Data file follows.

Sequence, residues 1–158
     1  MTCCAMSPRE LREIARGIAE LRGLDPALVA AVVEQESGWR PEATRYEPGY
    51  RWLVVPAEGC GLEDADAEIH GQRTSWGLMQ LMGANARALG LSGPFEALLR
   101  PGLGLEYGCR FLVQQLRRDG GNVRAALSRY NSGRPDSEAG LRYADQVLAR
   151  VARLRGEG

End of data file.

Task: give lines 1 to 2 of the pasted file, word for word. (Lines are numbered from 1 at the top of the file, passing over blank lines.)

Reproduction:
Sequence, residues 1–158
     1  MTCCAMSPRE LREIARGIAE LRGLDPALVA AVVEQESGWR PEATRYEPGY